The problems of the Linkoeping Secretariat were intensified, when AOIFE’s Administrative Coordinator Berit Starkman by Sept. 2004 had to go on long-term sick leave. This meant that the question of transfer of the AOIFE Secretariat became pressing.




B) New developments of ATHENA.

 

Accidentally, the start of the Nordic Research School and Berit Starkman’s long-term sick leave coincided with certain developments within the EU Commission, which have major consequences for ATHENA - and by implication for AOIFE, since the two organizations are so closely related.

 

Another reason for moving the AOIFE Secretariat is to be found in these developments of ATHENA:

 

Started in 1998, Athena is now in its second cycle of funding from EU’s SOCRATES programme. When this cycle ends in 2006, the network will have had continuously funding from EU (DG Education) since 1998, including the dissemination year 2002.

 

During this period, the Athena network has grown into a large-scale operation with now well over 100 participating universities from all over Europe. Athena has managed to produce a lot of joint feminist curriculum development and mutual support in the institutionalization of Women's/Gender/Feminist Studies. Seen from the point of view of the EU Commission, another word for this, is 'European added value'. Via Athena, the Women's/Gender/Feminist Studies community in Europe has initiated an important integration process on the level of education - a process which has had a significant impact also for research, since some of the Athena activities have been “translated” into research projects, which have obtained funding from EU’s Framework Programmes for research (Griffin 2003).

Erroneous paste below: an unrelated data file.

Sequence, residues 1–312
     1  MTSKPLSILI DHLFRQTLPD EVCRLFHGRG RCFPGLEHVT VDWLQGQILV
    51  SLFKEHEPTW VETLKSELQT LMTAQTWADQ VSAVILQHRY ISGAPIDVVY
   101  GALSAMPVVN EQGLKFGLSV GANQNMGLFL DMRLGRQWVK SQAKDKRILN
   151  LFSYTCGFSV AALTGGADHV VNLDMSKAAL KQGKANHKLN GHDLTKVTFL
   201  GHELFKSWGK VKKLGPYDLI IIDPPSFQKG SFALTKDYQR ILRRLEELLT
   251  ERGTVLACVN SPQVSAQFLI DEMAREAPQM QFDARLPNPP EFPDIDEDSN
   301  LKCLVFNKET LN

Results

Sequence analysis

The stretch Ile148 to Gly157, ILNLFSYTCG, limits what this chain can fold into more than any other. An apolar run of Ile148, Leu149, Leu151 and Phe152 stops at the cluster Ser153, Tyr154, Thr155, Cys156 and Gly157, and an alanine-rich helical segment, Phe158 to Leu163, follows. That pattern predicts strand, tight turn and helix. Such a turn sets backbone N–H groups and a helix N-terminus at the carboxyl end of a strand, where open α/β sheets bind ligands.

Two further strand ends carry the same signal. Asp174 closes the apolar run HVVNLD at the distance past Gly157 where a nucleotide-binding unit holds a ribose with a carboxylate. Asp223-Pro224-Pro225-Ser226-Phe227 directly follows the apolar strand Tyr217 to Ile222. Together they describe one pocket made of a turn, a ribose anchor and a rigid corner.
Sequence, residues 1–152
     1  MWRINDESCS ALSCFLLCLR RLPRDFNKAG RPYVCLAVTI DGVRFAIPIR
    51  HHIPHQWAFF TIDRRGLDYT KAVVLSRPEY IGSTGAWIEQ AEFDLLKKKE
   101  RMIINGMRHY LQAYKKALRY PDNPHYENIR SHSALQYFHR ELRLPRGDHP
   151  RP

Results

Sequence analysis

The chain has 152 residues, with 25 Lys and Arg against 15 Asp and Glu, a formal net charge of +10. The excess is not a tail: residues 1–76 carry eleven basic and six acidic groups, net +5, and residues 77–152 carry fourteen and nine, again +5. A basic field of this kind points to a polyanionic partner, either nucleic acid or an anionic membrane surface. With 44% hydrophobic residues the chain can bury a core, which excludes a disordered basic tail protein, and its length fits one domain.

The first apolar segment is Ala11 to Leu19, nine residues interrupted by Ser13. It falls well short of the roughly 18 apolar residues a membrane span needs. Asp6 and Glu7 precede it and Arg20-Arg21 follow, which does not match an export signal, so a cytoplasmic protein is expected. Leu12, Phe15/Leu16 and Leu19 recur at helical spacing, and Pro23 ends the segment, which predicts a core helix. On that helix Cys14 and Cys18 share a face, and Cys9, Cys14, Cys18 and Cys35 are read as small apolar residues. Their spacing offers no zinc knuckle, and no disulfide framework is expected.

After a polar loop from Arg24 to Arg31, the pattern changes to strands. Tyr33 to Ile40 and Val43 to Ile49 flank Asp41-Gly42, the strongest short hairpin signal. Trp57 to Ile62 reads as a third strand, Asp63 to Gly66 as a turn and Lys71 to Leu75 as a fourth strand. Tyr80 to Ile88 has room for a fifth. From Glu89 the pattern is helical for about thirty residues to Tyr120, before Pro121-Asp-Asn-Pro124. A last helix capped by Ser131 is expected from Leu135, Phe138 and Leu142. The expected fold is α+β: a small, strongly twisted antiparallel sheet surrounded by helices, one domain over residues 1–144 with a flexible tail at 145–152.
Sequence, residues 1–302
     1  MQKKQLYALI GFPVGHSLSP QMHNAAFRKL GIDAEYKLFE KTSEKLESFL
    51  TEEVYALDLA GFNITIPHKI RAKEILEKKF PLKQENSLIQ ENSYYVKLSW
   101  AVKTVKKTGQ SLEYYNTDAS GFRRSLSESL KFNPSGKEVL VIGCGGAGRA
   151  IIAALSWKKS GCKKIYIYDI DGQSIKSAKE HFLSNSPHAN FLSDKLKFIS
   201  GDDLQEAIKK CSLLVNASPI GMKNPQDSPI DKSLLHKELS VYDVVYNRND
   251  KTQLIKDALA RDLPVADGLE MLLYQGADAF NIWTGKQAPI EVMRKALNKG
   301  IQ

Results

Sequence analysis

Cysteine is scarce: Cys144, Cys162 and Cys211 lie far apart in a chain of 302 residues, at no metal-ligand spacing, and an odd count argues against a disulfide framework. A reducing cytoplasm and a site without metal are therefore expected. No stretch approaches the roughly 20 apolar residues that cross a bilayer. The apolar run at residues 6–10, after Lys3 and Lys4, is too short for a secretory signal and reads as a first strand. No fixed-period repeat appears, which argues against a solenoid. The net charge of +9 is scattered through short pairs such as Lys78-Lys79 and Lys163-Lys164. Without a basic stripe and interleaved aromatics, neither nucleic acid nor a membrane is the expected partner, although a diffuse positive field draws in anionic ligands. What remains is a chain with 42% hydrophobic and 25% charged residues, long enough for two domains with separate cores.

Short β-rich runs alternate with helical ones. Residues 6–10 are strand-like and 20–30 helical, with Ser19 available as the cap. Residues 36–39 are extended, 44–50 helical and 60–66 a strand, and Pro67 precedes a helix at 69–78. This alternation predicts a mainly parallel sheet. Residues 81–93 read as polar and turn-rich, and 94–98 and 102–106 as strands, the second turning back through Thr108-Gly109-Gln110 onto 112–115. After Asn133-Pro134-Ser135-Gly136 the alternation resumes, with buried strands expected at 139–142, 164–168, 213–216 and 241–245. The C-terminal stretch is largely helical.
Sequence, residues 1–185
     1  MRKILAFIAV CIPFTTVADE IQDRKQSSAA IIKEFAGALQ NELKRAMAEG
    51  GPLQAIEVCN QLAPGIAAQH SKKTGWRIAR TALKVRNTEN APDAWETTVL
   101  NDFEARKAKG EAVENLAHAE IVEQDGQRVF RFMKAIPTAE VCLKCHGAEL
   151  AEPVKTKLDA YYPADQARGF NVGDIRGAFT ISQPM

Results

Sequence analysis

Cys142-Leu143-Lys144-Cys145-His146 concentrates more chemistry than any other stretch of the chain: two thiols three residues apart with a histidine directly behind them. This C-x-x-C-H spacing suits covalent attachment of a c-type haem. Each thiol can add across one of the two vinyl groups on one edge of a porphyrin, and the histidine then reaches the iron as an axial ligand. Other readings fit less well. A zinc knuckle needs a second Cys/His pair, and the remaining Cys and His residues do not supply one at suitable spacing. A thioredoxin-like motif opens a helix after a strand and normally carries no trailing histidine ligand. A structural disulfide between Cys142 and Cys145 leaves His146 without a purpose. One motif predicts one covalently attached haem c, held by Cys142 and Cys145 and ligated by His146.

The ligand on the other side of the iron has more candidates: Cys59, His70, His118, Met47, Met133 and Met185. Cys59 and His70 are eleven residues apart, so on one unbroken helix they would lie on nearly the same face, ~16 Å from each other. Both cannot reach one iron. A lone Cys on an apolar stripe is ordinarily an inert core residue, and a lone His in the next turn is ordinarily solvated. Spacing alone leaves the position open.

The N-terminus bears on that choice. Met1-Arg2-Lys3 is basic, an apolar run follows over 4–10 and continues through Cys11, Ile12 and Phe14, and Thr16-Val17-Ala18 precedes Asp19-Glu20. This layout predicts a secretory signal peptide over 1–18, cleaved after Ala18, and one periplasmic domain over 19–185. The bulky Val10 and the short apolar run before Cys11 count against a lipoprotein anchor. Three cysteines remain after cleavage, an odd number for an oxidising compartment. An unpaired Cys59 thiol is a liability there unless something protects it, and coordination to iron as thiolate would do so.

For these reasons, Athena is now by the EU Commission considered to belong to the group of "old" , well established and well estimated thematic networks, which have fostered important new European level synergies. Athena has in this capacity become a leading member of the so-called Humanistic Archipelago. This is an initiative to construct a transversal platform for well established SOCRATES thematic networks so that they might live beyond the cycles of Community funding.

 

However, even though the networks in the Archipelago, including Athena, have been successfully initiating a transnational integration process, which the EU Commission sees as very positive, it is rather unlikely that funding will continue beyond 2006 (with the exception of a potential dissemination year ending Athena 2 in 2007). This is due to the general principle for EU funding that it shall be a contribution to the establishment of activities, which are strong enough to carry themselves beyond the cycles of Community funding.